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Clinch River Plant

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This article is part of the Coal Issues portal on SourceWatch, a project of CoalSwarm and the Center for Media and Democracy. See here for help on adding material to CoalSwarm.

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Clinch River Plant is a coal-fired power station owned and operated by American Electric Power near Cleveland, Virginia.

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Plant Data

  • Owner: Appalachian Power Company
  • Parent Company: American Electric Power
  • Plant Nameplate Capacity: 714 MW (Megawatts)
  • Units and In-Service Dates: 238 MW (1958), 238 MW (1958), 238 MW (1961)
  • Location: Rte. 664 & Rte. 665, Cleveland, VA 24225
  • GPS Coordinates: 36.932778, -82.198611
  • Coal Consumption:
  • Coal Source:
  • Number of Employees:

Proposed coal plant closure

On June 9, 2011, AEP announced that, based on impending EPA regulations as proposed, AEP’s compliance plan would retire nearly 6,000 megawatts (MW) of coal-fueled power generation; upgrade or install new advanced emissions reduction equipment on another 10,100 MW; refuel 1,070 MW of coal generation as 932 MW of natural gas capacity; and build 1,220 MW of natural gas-fueled generation. The cost of AEP’s compliance plan could range from $6 billion to $8 billion in capital investment through the end of the decade. AEP’s current plan for compliance with the rules as proposed includes permanently retiring five of its coal-fueled power plants.[1]

In addition, six other plants which will reduce their power output:[2]

  • Big Sandy Plant, Louisa, Ky. - Units 1 and 2 (1,078 MW) retired by Dec. 31, 2014; Big Sandy Unit 1 would be rebuilt as a 640-MW natural gas plant by Dec. 31, 2015;
  • Clinch River Plant, Cleveland, Va. - Unit 3 (235 MW) retired by Dec. 31, 2014; Units 1 and 2 (470 MW total) would be refueled with natural gas with a capacity of 422 MW by Dec. 31, 2014;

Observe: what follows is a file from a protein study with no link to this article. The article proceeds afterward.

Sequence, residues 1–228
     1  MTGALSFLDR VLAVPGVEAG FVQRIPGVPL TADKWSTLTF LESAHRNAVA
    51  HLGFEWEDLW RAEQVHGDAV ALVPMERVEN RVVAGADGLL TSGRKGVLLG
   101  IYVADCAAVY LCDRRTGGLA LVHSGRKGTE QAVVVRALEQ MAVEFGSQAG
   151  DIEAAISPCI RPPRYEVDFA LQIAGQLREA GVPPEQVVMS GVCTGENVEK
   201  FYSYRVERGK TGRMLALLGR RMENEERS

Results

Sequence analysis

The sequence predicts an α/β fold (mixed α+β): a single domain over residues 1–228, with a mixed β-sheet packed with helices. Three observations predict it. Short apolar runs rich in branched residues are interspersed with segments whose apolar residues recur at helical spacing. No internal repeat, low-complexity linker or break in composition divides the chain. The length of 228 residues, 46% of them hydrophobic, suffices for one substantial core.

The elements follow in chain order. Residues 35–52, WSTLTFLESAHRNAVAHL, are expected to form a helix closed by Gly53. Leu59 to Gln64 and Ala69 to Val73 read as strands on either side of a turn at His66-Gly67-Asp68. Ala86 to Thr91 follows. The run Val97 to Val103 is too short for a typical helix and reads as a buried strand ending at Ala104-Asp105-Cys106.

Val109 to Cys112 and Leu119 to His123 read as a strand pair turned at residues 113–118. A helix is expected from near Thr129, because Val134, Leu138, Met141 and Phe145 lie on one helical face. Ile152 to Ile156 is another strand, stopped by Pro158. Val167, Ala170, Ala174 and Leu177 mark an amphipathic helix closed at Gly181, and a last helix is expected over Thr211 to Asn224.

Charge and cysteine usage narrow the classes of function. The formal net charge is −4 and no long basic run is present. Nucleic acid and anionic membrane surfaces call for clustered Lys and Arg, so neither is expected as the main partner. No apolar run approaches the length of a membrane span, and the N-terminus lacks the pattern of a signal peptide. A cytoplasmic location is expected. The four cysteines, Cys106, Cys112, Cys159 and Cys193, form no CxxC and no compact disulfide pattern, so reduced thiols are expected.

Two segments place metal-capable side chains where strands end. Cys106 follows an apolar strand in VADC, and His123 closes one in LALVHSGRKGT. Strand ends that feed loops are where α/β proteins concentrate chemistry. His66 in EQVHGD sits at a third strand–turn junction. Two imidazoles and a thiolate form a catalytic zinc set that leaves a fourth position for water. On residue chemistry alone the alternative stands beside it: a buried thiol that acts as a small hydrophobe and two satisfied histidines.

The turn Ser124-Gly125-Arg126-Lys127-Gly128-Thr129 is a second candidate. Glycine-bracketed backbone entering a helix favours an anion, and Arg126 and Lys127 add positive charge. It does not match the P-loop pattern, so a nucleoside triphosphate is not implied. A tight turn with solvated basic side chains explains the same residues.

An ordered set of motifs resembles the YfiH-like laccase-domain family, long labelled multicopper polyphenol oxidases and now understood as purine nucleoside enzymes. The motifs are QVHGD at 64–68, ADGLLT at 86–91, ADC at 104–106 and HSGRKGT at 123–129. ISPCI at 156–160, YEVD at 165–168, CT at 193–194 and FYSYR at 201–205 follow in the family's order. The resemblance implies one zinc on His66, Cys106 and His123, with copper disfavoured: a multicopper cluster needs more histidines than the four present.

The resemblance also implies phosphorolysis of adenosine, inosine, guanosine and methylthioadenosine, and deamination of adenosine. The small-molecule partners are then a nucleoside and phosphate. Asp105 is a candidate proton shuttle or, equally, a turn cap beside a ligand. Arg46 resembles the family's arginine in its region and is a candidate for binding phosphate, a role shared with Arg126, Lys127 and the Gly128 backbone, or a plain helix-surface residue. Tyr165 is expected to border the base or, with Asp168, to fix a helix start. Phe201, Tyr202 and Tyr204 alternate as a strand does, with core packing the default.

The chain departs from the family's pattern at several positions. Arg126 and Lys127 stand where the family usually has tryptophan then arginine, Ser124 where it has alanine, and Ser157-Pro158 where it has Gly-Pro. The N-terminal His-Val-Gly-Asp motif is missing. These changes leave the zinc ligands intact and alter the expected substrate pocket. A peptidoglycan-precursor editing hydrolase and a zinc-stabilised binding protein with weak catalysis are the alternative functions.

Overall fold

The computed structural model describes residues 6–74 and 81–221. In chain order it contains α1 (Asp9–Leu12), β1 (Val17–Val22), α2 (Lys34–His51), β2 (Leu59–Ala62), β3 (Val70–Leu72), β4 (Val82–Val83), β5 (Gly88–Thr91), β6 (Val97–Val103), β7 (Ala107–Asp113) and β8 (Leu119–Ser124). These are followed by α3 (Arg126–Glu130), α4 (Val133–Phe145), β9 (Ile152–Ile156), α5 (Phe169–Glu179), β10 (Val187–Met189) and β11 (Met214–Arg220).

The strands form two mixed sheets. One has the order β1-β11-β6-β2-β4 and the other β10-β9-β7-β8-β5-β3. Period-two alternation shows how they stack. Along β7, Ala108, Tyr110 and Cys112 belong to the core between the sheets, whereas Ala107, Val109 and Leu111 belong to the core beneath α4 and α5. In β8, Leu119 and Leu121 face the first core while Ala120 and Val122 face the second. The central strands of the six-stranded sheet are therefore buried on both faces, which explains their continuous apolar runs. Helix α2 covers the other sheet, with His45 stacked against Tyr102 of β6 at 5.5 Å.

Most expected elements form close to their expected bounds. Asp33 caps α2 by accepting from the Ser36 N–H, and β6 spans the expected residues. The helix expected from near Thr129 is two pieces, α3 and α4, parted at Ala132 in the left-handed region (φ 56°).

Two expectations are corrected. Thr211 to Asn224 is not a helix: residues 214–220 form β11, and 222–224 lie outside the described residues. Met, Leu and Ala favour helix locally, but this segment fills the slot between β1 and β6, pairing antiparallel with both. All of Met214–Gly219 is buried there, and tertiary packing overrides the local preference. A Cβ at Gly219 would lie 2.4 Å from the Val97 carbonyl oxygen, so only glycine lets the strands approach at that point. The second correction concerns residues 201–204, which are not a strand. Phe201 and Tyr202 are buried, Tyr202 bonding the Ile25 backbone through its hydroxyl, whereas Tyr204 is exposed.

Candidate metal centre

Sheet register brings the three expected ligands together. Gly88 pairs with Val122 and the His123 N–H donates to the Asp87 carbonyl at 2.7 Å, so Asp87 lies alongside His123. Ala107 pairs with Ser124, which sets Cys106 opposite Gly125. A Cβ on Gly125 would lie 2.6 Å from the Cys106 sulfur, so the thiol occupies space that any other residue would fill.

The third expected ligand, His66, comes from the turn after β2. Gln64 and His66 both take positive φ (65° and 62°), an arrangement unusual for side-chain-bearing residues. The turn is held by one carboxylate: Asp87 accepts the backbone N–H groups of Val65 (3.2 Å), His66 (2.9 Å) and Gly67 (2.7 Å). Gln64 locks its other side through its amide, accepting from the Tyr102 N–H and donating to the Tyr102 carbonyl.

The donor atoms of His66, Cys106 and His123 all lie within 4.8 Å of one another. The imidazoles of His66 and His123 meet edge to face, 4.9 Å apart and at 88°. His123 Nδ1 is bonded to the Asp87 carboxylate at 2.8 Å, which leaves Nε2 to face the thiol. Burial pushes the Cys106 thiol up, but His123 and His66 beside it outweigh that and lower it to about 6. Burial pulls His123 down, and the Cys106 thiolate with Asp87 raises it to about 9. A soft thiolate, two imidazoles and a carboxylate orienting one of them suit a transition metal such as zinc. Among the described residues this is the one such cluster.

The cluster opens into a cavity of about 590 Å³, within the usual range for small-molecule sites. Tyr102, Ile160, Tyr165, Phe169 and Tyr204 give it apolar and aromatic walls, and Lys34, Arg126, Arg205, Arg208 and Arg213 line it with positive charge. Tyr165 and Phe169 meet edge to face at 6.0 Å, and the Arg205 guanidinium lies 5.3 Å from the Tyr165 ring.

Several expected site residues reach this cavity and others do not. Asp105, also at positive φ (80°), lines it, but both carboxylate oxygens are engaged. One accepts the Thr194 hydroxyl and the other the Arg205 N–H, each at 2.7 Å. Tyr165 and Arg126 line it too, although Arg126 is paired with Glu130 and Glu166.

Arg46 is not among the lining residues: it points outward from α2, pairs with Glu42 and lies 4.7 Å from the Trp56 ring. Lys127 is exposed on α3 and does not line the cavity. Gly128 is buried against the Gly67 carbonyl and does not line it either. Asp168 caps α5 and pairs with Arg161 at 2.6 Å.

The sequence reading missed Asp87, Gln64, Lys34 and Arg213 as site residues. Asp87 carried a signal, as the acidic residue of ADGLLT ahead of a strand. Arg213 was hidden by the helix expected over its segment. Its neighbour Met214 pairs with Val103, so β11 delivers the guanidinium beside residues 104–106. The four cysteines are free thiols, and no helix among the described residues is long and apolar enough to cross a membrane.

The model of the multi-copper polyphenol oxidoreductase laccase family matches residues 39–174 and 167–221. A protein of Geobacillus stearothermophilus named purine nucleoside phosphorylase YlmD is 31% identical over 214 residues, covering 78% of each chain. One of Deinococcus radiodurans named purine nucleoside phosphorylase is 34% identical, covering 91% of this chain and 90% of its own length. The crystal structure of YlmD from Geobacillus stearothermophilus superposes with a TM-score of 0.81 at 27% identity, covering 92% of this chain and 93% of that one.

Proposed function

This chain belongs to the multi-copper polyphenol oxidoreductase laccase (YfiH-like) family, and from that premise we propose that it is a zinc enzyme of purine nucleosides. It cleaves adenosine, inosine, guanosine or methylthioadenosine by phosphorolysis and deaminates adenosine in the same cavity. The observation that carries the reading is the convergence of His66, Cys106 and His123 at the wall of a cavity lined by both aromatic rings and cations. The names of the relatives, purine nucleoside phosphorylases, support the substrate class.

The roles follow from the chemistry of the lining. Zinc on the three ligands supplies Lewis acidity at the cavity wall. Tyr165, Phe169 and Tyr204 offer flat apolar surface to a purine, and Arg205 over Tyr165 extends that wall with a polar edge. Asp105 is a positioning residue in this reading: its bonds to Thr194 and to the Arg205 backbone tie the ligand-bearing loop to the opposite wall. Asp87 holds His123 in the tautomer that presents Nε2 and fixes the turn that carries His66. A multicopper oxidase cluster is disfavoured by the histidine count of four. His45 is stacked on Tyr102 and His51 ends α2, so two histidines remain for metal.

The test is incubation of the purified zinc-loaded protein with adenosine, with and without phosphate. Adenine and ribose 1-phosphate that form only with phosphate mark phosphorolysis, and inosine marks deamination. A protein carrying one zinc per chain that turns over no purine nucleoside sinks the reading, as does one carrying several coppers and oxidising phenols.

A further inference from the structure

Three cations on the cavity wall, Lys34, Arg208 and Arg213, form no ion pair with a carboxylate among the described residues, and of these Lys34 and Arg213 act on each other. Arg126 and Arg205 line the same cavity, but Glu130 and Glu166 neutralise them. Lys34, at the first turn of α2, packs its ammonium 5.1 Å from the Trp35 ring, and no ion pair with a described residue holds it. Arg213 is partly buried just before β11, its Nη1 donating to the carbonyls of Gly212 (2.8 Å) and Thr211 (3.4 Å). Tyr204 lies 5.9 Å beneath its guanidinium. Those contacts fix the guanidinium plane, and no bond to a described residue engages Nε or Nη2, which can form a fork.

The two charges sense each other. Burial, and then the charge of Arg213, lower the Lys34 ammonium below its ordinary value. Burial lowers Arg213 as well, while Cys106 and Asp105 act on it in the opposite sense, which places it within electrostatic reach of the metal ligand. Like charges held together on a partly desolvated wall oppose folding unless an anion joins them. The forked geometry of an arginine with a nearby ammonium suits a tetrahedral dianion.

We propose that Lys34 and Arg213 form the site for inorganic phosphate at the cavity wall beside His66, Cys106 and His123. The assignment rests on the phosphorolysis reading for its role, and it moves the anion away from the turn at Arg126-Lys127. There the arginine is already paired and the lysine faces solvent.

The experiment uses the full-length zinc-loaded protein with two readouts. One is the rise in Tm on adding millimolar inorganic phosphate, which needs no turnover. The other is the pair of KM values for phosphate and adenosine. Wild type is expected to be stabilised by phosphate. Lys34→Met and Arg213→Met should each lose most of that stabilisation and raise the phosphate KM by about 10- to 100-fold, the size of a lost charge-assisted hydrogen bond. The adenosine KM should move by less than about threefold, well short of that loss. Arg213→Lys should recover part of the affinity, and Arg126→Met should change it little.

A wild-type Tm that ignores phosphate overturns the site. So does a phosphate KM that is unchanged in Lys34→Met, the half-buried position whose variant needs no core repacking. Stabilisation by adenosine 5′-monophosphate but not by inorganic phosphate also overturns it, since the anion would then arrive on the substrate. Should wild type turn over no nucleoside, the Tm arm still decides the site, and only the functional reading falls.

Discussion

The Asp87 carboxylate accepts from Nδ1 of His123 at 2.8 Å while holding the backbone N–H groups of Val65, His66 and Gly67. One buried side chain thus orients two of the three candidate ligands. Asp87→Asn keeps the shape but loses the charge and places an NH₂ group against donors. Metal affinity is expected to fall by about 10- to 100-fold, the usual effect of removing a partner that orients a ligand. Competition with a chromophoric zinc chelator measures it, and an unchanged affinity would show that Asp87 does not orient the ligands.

• Conesville Power Plant, Conesville, Ohio - Unit 3 (165 MW) retired by Dec. 31, 2012; Units 5 and 6 (800 MW total) would continue operating with retrofits;
  • Muskingum River Plant, Beverly, Ohio - Units 1-4 (840 MW) retired by Dec. 31, 2014; Muskingum River Unit 5 (600 MW) may be refueled with natural gas with a capacity of 510 MW by Dec. 31, 2014, depending on regulatory treatment in Ohio;
  • Tanners Creek Plant, Lawrenceburg, Indiana - Units 1, 2 and 3 (495 MW) retired by Dec. 31, 2014; Unit 4 (500 MW) would continue to operate with retrofits; and
  • Welsh Power Plant, Pittsburg, Texas - Unit 2 (528 MW) retired by Dec. 31, 2014; Units 1 and 3 (1,056 MW) would continue to operate with retrofits.

Emissions Data

  • 2006 CO2 Emissions: 3,794,172 tons
  • 2006 SO2 Emissions: 27,134 tons
  • 2006 SO2 Emissions per MWh:
  • 2006 NOx Emissions: 7,971 tons
  • 2005 Mercury Emissions: 146 lb.

Death and disease attributable to fine particle pollution from Clinch River Plant

In 2010, Abt Associates issued a study commissioned by the Clean Air Task Force, a nonprofit research and advocacy organization, quantifying the deaths and other health effects attributable to fine particle pollution from coal-fired power plants.[3] Fine particle pollution consists of a complex mixture of soot, heavy metals, sulfur dioxide, and nitrogen oxides. Among these particles, the most dangerous are those less than 2.5 microns in diameter, which are so tiny that they can evade the lung's natural defenses, enter the bloodstream, and be transported to vital organs. Impacts are especially severe among the elderly, children, and those with respiratory disease. The study found that over 13,000 deaths and tens of thousands of cases of chronic bronchitis, acute bronchitis, asthma, congestive heart failure, acute myocardial infarction, dysrhythmia, ischemic heart disease, chronic lung disease, and pneumonia each year are attributable to fine particle pollution from U.S. coal plant emissions. These deaths and illnesses are major examples of coal's external costs, i.e. uncompensated harms inflicted upon the public at large. Low-income and minority populations are disproportionately impacted as well, due to the tendency of companies to avoid locating power plants upwind of affluent communities. To monetize the health impact of fine particle pollution from each coal plant, Abt assigned a value of $7,300,000 to each 2010 mortality, based on a range of government and private studies. Valuations of illnesses ranged from $52 for an asthma episode to $440,000 for a case of chronic bronchitis.[4]